Feminist organising has always been the most reliable bulwark for women’s rights. Certainly, men in power haven’t been. From Pakistan to the USA, from Uzbekistan to Fiji, the halls and hallmarks of power remain remarkably unperturbed by the oppression of women. The good news is that feminist organising is stronger, more diverse, more skilled and more global than ever. International feminist networks are breaking the isolation of women from one another. Lesbian organising has come out of the closet. Global feminist organising is successfully redefining “human rights” to incorporate a broad agenda of women’s rights -- although, frankly, it is still a surprise when one has to argue that “human” must include “women”.

Joni Seager is the author of The Atlas of Women in the World (Earthscan); she is Professor and Chair of the Geography Department at Hunter College in New York City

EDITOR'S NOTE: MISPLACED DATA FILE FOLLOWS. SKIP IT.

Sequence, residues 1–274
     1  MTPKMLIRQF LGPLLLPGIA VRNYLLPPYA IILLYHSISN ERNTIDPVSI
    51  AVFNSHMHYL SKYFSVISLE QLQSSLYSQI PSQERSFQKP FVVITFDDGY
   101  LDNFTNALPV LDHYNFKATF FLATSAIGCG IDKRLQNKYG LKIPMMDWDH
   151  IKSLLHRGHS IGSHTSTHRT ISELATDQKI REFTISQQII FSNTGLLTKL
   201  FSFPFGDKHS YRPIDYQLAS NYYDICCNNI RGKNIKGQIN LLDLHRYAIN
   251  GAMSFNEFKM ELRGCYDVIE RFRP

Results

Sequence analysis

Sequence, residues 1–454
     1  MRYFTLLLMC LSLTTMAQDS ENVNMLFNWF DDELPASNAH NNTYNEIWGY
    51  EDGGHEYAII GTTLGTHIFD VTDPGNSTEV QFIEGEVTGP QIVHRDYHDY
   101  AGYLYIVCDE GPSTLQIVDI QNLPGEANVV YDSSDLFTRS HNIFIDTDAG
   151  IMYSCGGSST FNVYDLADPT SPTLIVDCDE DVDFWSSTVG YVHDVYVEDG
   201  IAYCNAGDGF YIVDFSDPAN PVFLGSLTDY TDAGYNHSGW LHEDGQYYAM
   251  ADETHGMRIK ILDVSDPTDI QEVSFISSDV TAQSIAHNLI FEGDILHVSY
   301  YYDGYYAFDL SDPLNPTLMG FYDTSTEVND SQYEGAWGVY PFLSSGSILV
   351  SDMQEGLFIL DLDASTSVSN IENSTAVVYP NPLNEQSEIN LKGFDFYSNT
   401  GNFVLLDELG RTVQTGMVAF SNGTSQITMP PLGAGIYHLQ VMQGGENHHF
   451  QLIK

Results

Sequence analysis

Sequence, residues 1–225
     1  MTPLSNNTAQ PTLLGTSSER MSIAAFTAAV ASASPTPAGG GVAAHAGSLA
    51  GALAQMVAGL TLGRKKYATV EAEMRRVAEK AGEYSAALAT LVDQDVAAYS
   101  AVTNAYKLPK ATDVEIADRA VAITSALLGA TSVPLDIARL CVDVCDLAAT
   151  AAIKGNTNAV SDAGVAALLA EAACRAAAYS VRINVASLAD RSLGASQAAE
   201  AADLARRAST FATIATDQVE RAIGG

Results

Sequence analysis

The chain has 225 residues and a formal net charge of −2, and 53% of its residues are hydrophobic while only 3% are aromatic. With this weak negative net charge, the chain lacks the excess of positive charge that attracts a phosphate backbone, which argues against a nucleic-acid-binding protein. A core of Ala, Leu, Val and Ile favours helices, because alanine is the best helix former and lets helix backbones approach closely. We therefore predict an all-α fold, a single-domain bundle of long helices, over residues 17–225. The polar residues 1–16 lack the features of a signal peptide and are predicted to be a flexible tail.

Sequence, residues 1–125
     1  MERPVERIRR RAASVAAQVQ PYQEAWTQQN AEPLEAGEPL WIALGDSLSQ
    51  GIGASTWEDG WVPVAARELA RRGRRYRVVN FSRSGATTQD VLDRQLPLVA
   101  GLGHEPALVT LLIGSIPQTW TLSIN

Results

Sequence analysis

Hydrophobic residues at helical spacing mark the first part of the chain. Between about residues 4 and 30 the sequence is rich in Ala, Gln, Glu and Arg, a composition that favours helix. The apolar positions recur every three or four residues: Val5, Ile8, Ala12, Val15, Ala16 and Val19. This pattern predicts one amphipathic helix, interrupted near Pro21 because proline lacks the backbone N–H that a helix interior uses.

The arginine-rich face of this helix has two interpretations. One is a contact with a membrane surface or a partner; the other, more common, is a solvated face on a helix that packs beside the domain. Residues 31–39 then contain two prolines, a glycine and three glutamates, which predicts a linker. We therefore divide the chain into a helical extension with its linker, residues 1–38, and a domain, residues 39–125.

International Women's Day 2009 takes place on Sunday 8th March

David Young
Show Hide image

The Tories are the zombie party: with an ageing, falling membership, still they stagger on to victory

One Labour MP in Brighton spotted a baby in a red Babygro and said to me: “There’s our next [Labour] prime minister.”

All football clubs have “ultras” – and, increasingly, political parties do, too: although, in the case of political parties, their loudest and angriest supporters are mostly found on the internet. The SNP got there first: in the early days of email, journalists at the Scotsman used to receive bilious missives complaining about its coverage – or, on occasion, lack of coverage – of what the Scottish National Party was up to. The rest soon followed, with Ukip, the Labour Party and even the crushed Liberal Democrats now boasting a furious electronic horde.